We have found that students will be better able to construct new conceptual understanding without simultaneously grappling with unfamiliar content. In our experience, students find it much easier to use inductive reasoning to construct the ideas of common ancestor and homologous structure using the examples of families and languages than when they are given biological cladograms as their first example. We have been pleasantly surprised at how quickly and thoroughly students can grasp the basics of tree thinking by using this activity.

Objectives

  1. Students will be able to explain the concept of common ancestry and identify a common ancestor during cladogram analysis.

  2. Students will interpret cladograms in order to determine how closely taxa are related through a common ancestor.

Methods & Materials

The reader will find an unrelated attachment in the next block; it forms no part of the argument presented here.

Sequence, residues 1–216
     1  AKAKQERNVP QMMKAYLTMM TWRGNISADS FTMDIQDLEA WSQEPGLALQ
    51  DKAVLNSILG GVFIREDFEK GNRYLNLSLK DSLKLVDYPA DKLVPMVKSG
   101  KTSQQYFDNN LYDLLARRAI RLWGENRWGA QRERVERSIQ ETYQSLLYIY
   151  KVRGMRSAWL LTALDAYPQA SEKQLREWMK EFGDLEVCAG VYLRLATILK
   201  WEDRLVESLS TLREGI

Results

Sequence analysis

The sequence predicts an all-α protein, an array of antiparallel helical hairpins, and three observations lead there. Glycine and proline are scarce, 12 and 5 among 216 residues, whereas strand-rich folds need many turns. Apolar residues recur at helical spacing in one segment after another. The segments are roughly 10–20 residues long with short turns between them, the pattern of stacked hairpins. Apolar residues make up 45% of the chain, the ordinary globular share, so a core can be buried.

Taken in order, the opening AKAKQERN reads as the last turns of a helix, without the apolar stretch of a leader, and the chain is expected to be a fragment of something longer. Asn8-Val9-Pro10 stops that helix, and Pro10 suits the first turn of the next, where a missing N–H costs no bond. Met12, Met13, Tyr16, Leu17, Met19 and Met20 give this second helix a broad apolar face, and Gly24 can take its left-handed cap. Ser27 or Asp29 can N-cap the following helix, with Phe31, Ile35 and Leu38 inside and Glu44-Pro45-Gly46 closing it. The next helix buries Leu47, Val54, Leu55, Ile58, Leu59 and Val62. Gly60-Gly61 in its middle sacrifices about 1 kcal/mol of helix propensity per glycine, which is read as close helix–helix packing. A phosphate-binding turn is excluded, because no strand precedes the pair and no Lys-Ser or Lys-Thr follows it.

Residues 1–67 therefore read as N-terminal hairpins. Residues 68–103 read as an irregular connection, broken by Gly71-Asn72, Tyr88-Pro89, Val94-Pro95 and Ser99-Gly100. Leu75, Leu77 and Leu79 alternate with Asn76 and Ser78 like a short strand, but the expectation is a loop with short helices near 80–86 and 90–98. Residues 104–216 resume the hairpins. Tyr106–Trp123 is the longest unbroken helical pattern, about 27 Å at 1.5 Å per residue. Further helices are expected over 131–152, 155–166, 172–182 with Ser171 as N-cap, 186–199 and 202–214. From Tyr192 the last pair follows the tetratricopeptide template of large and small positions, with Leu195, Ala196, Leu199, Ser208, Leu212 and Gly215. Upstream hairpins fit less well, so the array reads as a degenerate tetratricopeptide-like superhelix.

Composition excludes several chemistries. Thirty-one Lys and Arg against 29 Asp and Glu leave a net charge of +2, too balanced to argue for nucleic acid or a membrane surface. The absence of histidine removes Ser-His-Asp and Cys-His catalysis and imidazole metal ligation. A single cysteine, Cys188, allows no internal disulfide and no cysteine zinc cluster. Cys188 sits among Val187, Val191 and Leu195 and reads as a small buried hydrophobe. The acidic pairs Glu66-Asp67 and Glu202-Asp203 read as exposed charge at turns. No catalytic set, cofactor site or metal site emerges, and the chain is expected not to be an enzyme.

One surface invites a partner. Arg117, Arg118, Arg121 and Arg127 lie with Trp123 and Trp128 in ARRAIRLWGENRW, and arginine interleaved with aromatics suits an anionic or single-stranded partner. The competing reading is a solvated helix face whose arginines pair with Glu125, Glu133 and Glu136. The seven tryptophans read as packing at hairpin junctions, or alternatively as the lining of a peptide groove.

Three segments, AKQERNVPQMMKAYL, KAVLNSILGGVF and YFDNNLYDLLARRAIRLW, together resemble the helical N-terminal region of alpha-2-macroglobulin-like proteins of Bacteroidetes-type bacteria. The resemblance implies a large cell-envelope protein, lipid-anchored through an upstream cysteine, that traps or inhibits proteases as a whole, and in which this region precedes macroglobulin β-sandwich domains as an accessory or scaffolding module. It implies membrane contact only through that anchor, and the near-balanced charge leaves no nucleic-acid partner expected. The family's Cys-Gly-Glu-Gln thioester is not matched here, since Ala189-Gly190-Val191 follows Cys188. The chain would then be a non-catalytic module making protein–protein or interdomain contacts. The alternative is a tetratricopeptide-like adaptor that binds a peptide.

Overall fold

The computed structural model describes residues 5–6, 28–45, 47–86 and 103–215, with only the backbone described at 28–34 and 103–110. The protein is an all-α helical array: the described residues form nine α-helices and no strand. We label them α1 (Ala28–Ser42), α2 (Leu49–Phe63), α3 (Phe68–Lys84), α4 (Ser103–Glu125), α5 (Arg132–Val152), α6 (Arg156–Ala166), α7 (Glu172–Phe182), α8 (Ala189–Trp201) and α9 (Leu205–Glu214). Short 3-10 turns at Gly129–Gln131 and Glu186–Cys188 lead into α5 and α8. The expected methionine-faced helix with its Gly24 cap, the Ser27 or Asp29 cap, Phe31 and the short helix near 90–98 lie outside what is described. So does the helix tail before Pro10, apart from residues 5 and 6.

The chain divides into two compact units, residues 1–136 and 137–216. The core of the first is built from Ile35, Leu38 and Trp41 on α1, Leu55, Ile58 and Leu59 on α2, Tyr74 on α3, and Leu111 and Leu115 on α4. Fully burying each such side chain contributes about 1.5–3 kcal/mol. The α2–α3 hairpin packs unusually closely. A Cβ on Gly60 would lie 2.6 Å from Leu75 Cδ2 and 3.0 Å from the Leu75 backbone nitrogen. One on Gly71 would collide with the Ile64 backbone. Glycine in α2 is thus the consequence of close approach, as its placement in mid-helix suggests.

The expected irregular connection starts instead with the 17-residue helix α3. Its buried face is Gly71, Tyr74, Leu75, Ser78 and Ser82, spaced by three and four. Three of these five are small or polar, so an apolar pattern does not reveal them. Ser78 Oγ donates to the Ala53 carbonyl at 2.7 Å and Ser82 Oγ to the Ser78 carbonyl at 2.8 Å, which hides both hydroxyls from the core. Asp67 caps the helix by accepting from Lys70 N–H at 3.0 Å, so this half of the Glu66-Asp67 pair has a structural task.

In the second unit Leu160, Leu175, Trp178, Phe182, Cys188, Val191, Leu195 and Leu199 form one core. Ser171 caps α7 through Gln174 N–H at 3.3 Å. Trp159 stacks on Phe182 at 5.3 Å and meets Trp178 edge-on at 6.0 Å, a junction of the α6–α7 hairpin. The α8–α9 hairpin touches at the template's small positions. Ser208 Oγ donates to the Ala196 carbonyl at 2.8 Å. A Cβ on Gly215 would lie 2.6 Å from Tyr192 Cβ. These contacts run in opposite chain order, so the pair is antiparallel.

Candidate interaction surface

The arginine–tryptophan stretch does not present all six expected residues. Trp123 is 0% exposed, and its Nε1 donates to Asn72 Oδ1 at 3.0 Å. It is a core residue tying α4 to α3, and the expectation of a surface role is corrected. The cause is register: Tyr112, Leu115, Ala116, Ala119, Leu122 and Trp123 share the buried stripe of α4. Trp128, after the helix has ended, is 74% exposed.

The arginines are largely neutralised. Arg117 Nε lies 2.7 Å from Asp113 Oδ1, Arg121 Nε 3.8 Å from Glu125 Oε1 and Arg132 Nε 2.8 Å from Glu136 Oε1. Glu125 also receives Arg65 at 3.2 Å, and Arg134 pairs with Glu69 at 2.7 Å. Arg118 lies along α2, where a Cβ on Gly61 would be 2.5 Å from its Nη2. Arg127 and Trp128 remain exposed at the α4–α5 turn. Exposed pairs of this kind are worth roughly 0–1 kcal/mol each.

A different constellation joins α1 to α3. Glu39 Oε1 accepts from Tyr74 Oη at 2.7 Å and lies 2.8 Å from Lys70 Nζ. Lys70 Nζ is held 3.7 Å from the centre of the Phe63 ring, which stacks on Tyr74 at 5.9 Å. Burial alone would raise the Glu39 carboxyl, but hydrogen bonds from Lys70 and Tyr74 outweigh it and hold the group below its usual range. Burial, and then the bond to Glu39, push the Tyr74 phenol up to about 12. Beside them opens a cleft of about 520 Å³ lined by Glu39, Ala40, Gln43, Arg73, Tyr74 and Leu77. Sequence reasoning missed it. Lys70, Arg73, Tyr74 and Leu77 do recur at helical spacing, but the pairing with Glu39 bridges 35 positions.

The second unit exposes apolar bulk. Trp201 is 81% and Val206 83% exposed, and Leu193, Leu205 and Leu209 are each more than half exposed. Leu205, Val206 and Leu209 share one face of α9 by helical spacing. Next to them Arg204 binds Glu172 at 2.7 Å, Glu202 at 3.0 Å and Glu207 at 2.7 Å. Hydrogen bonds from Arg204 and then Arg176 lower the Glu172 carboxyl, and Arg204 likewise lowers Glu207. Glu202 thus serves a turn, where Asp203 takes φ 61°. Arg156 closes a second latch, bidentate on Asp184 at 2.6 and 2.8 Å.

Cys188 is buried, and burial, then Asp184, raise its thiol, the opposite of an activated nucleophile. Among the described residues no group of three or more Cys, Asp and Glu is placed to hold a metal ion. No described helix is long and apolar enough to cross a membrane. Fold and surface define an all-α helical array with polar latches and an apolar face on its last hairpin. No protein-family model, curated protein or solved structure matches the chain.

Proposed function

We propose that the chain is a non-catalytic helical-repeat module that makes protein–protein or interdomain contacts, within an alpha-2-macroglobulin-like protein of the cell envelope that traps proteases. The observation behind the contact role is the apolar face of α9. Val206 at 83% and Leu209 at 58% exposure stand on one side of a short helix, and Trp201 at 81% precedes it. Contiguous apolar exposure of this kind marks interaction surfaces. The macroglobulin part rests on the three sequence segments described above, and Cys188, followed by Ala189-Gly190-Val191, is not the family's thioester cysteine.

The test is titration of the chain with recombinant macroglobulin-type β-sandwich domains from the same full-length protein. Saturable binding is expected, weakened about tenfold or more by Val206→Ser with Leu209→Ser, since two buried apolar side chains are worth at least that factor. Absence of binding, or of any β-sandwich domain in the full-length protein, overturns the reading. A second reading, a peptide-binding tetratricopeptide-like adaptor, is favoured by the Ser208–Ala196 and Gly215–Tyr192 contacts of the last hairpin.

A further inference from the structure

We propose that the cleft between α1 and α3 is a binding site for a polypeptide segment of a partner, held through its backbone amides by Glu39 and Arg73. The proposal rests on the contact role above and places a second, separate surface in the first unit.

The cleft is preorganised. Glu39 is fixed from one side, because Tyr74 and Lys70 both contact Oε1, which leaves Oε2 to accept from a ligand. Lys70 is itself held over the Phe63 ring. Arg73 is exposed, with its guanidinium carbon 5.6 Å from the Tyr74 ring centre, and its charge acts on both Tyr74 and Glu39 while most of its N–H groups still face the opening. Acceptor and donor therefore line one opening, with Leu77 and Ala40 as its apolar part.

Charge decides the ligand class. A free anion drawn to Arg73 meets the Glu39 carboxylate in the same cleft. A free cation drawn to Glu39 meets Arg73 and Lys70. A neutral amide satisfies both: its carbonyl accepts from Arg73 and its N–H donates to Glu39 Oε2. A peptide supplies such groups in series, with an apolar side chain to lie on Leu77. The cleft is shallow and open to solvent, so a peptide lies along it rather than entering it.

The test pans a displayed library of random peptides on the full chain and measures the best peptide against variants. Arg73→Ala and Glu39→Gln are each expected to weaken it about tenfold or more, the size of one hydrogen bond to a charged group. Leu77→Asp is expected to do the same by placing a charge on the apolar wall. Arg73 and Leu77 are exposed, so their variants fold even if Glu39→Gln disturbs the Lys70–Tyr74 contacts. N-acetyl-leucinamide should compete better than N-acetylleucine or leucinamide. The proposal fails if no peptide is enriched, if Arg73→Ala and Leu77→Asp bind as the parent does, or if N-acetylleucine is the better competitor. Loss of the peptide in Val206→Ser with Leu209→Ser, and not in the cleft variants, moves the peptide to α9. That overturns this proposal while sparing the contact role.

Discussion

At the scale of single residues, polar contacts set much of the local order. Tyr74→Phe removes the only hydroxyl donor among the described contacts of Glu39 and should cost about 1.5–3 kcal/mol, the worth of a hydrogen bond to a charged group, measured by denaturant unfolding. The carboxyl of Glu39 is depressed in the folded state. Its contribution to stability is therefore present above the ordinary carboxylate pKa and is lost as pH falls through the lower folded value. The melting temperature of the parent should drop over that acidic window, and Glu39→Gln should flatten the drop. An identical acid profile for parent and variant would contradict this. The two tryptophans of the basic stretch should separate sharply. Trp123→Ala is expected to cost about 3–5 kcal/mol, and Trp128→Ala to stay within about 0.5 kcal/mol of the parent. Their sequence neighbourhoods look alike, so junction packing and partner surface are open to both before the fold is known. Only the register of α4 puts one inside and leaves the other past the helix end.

Begin with a Whole-Class Discussion

As a warm-up activity, ask what languages students are familiar with. Students may respond with a language they speak, one spoken by their parents or grandparents, or one they study in school. Make note of responses so that these students can serve as resources to others throughout the lesson.

Ask students whether they think languages have changed over time, and what evidence they have for their opinion. In our experience, students will respond affirmatively and provide two major types of evidence: (1) they have read books written in a language that resembles the English they speak but is clearly different (Shakespeare and the Bible are popular examples); and (2) students who are bilingual or who have familiarity with more than one language recognize similar words between languages (e.g., the English word cat, which is homologous to chat in French and gato in Spanish; the Hebrew shalom and the Arabic word salaam; or even the American English “color” and the British English “colour”; or the fact that most Romance languages use gendered articles while English does not).